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Why it pays to be an early bird

Why it pays to be an early bird

Category: ISAs

Updated: 15/04/2015
First Published: 15/04/2015

This article was correct at the time of publication. It is now over 6 months old so the content may be out of date.

The new tax year is well underway, but have you thought about making your ISA subscription yet? If you haven't, it could be time to consider it – after all, the early bird catches the worm!

Reap the benefits of compounding

According to analysis from Fidelity Personal Investing, early bird investors – those who make their investment as soon as possible in the new tax year – are over £10,000 better off than those who leave it until the last minute. The move could be particularly beneficial for those who invest in stocks & shares ISAs: the returns on offer have the potential to be far higher, so the long-term benefits could be better, too.

Their calculations focus on three hypothetical ISA investors who have invested their full ISA allowance each year over the past decade into the FTSE All Share Index. They'd all have invested a total of £101,080 by now, but they'd have a markedly different final pot, depending on when in the tax year they invested.

  • Investor A is the 'lump sum early bird' who deposits the full ISA allowance at the beginning of the tax year. By now, thanks to compound interest and fund performance, they'd have amassed £154,055.13.
  • Investor B is the monthly saver who still starts investing at the beginning of the tax year, but splits their ISA payments and makes monthly deposits. By now, they'd have an ISA pot of £150,176.58.
  • Investor C is the lump sum but last minute investor, who leaves it until the last day of the tax year to make his investment. By comparison, they'd have a pot of £143,850.66.

As you can see, the difference is substantial! The investor who makes his deposit as soon as possible is over £10,000 better off than the last-minute saver. But, even those who aren't able to make a full lump sum investment at the start of the tax year needn't lose heart, as the investor who makes regular monthly contributions is still markedly better off.

"It is clear that the early bird ISA investor catches the best returns," said Maike Currie of Fidelity Personal Investing. "When it comes to investing, it's time in the market that counts - the saver with the most money invested for the longest time tends to do the best in the long run. Every extra day you allow time to work on your ISA portfolio is a day that you won't get back if you let it pass with your money sitting in a low-interest bank account.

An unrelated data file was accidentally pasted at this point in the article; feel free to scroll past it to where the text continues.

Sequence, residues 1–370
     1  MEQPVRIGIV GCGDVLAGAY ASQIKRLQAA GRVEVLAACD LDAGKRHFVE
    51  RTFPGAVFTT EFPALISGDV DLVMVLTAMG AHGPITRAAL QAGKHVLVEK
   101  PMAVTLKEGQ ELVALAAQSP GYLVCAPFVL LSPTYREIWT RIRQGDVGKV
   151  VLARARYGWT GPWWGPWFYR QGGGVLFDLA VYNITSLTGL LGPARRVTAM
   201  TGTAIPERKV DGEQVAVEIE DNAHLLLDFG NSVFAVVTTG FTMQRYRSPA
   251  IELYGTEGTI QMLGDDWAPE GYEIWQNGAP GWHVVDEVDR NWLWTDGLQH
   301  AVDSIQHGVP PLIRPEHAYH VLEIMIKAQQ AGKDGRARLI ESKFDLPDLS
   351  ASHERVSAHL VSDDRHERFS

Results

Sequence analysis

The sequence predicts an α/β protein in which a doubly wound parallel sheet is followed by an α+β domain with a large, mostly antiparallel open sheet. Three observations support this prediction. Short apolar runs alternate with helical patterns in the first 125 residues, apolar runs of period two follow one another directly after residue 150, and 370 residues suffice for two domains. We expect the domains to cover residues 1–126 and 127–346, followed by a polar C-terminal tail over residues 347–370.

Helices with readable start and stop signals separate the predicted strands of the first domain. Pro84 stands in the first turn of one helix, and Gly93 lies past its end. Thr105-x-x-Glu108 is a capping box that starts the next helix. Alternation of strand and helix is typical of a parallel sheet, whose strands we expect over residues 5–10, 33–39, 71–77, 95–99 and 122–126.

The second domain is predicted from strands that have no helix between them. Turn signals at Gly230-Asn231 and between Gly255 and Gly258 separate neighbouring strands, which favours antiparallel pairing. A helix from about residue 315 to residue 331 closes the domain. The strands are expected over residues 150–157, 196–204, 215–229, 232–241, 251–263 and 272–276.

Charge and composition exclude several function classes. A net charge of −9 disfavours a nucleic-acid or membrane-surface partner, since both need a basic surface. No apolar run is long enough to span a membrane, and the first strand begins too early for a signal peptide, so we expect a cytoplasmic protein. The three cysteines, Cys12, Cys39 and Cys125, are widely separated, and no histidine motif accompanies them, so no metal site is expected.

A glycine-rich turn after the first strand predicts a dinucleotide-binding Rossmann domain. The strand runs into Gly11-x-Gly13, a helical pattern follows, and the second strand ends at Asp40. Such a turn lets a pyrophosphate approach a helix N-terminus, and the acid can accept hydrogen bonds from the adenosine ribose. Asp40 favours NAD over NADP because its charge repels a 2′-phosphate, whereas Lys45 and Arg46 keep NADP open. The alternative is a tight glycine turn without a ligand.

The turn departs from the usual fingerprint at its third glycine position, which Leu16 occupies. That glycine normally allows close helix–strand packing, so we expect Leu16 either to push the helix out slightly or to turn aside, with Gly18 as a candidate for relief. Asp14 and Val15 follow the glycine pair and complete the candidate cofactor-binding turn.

"Investing at the start of the tax year gives your money an additional 12 months of tax-efficient growth. You also benefit from the impact of compounding – that 'snowball' effect of building new investment returns on the returns you've already achieved."

Don't forget about cash!

So, if you could be as much as £10,000 better off in the next few years, doesn't it make sense to start early? It really could pay to be an early bird, and the same applies whether you want the safety of cash ISAs or are comfortable with the riskier option of stocks & shares.

For example, putting the full £15,240 allowance in the top-paying fixed rate ISA (currently State Bank of India's five-year account paying 2.50%) would earn you interest of £381in its first year. If you waited until the end of the tax year, you'd miss out on almost a year's worth of interest – £381, remember – and wouldn't be able to benefit from the future compounding of that interest, either.

Over the years that could seriously add up, so the message is clear – don't delay! Even if you can't invest a lump sum now, opting for an easy access ISA that allows monthly additions could be a great alternative, as could stocks & shares ISAs (which generally allow you to make further investments on a regular basis) if you don't mind taking some extra risk. Whichever option you choose, start thinking about how you'll make that first investment, and you could reap the rewards.

What next?

Compare the best cash ISA rates

Check out stocks & shares ISAs

Disclaimer: Information is correct as of the date of publication (shown at the top of this article). Any products featured may be withdrawn by their provider or changed at any time.